Against the backdrop of nationalism, devolution and North Sea oil, Scotland were the only British team to qualify for the 1978 World Cup, and set off with genuine hopes of returning champions. But it all went horribly wrong. Beaten by Peru, a country few could point to on a map, and drawing with Iran, Scotland faced Holland, needing to win by three goals. Incredibly, the Scots conjured up one of the greatest goals in World Cup history to give themselves a chance!but it wasn't to be. Throughout this entertaining account, the cast of characters stands out: manager Ally McLeod, more a friendly uncle than world-class strategist; the monstrously permed, part-time goalkeeper Alan Rough; and wide-boy Willie Johnstone, sent home after failing a drugs test. Yet despite the resounding failure and humiliation, Argentina '78 is still viewed with great affection. Perhaps for the last time, Scotland had a world-class team and after all, if you end up beating the runners-up, doesn't that mean you are the winners?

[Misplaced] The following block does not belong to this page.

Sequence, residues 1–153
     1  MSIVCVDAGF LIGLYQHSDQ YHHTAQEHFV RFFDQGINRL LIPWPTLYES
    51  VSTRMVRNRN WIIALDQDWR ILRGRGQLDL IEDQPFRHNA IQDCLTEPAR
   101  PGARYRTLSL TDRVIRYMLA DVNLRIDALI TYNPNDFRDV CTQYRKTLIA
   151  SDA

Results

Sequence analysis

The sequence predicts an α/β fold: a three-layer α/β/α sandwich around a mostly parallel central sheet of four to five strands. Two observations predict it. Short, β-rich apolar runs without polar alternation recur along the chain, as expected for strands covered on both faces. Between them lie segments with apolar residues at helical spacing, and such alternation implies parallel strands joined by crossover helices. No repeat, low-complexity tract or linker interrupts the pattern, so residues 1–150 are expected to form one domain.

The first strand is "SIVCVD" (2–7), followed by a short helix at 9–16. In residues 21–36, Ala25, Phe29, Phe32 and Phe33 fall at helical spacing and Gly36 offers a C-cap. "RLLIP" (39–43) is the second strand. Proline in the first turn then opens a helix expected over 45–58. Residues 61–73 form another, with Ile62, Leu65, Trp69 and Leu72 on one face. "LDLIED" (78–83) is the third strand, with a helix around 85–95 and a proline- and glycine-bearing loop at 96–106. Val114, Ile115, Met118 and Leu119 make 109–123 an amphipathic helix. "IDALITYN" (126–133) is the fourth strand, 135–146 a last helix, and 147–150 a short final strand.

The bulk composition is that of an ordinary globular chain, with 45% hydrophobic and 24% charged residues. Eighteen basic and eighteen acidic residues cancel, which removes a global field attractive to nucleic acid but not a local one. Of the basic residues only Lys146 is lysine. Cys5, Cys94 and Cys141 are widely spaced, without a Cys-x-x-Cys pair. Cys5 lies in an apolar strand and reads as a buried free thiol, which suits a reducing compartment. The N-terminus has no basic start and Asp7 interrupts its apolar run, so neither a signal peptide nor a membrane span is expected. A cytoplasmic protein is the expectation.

A freelance writer - and long-time follower of Scotland - Graham McColl contributes regularly to THE TIMES, FOURFOURTWO and WHEN SATURDAY COMES. He has written many books and also worked with Tommy Gemmell on his autobiography.